How to trim your design and keep it healthy

I´m exited about consistent design because it makes the interaction more intuitive.

A healthy design consist of adaptable, reusable chunks and a clear vision.

We are not designing pages, we are designing systems of components. -Stephen Hay, from Brad Frost´s blog post on Atomic Design.


The content you put in your styleguide should be adapted to your clients needs. Some relevant content may be:

Design chunks – divided into 3 main types of chunks:

  • Elements (basic styles like typography, colors, buttons and icons)
  • Components (elements komposed into a komponent like a header, footer or an image slider)
  • Layouts (components komposed into pages like an article, a gallerypage or  a frontpage)

Always design a thing by considering it in its next larger context – a chair in a room, a room in a house, a house in an environment, an environment in a city plan. -Eliel Saarinen

Design rationale

  • Design principles
  • Design vision
  • Tone of Voice

CSS rationale

Vector archive

However, developing the design-chunks is not the main challenge.

The main challenge is to keep the styleguide used and continously updated. If you spend months developing a styleguide and then just forget about it and never touch it again, then you have wasted your time.

It is not just about the styleguide, but also about the creators who needs to use the styleguide and keep it alive.

You need to look at usability issues and pain points just as you would in any other design project.

Some common pain points I have found are:

Problems finding time to update the styleguide, because each project has it own problems to solve.

I found that the process of using and updating the styleguide should be integrated into the natural workflow of the teams.

Another common problem is when the developers are not implementing the design – or code chunks the way it was intended, leading to problems later on, when we need to iterate on the design and make changes to the css.

This is a simple usability problem, where you should look at how the designchunk is documentet. Each piece of design should contain:

  • A title
  • A unique reference ID or url
  • A summary of how the element can be used and how
  • html  / css code and class reference
  • A visual illustration

Now you are probably thinking – this is going to take time, we have to do usability studies and all.  So – that leaves us to the second main challenge.


How can you motivate your peers and clients to put in the extra resources to develop the styleguide?

The benefit of developing a usable and living designguide is often overlooked. As a result, many products fail to deliver consistent design efficiently and loose time to market.

Start with dividing your peers into groups and interview them to uncover their needs and find common goals.

Customers Editors Creators Business
Reference & shared vocabulary
x x x
Operational efficiency
Living & usable styleguide, designsystem, work-flow, testability, connections, availability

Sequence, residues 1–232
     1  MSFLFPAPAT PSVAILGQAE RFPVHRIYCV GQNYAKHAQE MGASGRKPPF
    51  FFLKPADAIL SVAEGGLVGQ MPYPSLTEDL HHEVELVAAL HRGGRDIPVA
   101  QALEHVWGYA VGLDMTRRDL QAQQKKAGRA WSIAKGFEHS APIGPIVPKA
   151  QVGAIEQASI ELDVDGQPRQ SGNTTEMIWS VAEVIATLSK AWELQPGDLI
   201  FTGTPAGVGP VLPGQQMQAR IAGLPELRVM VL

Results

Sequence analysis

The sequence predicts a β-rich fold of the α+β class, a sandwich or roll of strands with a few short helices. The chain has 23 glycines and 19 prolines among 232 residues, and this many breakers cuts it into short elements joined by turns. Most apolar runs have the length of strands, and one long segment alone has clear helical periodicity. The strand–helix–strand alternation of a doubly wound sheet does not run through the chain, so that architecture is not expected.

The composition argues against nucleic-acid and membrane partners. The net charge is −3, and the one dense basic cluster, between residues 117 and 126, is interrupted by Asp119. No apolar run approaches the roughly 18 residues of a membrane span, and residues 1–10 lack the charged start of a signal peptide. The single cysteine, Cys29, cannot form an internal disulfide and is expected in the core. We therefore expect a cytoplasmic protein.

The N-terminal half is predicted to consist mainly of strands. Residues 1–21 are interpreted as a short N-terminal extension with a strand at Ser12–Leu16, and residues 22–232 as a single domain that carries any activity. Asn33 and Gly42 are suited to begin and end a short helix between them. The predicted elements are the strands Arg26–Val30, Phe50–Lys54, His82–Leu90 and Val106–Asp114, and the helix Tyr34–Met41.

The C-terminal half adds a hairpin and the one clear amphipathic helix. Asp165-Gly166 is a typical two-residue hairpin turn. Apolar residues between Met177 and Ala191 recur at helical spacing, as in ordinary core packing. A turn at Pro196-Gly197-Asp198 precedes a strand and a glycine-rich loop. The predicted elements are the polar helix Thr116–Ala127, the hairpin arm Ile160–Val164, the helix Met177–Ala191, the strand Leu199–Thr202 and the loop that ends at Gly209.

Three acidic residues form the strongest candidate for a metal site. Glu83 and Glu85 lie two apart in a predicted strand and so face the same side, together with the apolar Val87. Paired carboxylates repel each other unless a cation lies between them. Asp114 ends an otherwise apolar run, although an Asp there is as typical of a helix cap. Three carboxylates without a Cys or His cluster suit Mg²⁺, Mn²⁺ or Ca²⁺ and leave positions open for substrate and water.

Usability and performance
Reusable, less code, improved performance, consistent design, intuitive
x x x
Faster TTM, automated & efficient, more output for less input
x x

This needs matrix uncovers how the creators of the design and code needs the styleguide for operational efficiency. The business side don´t need the styleguide in itself, but what they do need is Faster Time To Market. And the customers needs an intuitive interface.

The styleguide will fasilitate all theese needs.

Communicate & Connect

If I have learnt anything from working in large distributed teams, it´s that communication is key. -Paul Robert Lloyd

The styleguide is also an exellent tool for communication. It is a reference with a shared vocabulary improving communication.

To exploit this effect, it is important to create connections between people and make sure the relevant people are aware of the resources in the styleguide.

We must integrate new developed chunks by presenting results and training new users.

Keep it alive

A beautiful design system is about finding the same balance of consistency and variety. Too systematic and the design becomes predictable and repetitive. Too much variation and the system is confusing and owerwhelming. -Allison Wagner

I don´t belive in implementing too strict rules in the styleguide. The styleguide is a tool that should fasilitate our needs, it is not a straitjacket. If the styleguide start feeling like a straitjacket, people will find ways around it, resulting in it not beeing used.

When we start breaking the rules, we need to look at why we do it – if we already have a designchunk but we are not using it anymore, chances are that the old chunk is ready to be iterated upon.

So – to summarise – we need to develop the styleguide, then we must integrate what we have developed and then we iterate on the developed pieces.

Theese are the 3 main steps in the continous process.

Develop (Motivate)

  • Find business needs
  • Develop design principles
  • Develop design chunks
  • Implement into existing process and organisatinal structure

Relevant activities:

  • Interview stakeholders and develop needs matrix
  • Workshop – designstudio and designcritique
  • Designer days
  • Designer – developer pairing

Integrate (Communicate)

  • Inform and communicate new results
  • Train new users
  • Implement reusable chunks

Relevant activities:

  • Presentations
  • Meetings
  • Video conferences
  • Designer days

Iterate (Keep it alive)

  • Measure progression in design revisions
  • Evaluate
  • Changes in trends and business
  • Adjust when needed

Relevant activities:

  • Discussions
  • focus groups with developers
  • Design revisions

The 3 key steps toward a healthy design:

  • Create connections and motivate the creators
  • Design the process, not just the contents of the styleguide
  • Keep it alive, integrate and iterate